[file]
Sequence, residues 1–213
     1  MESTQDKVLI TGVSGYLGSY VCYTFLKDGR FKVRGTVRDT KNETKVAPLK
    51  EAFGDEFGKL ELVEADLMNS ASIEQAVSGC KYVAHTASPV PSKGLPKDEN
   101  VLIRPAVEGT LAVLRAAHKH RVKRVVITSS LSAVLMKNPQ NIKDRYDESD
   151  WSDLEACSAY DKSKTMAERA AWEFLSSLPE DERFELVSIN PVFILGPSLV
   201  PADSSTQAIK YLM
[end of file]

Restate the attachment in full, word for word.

Sequence, residues 1–213
     1  MESTQDKVLI TGVSGYLGSY VCYTFLKDGR FKVRGTVRDT KNETKVAPLK
    51  EAFGDEFGKL ELVEADLMNS ASIEQAVSGC KYVAHTASPV PSKGLPKDEN
   101  VLIRPAVEGT LAVLRAAHKH RVKRVVITSS LSAVLMKNPQ NIKDRYDESD
   151  WSDLEACSAY DKSKTMAERA AWEFLSSLPE DERFELVSIN PVFILGPSLV
   201  PADSSTQAIK YLM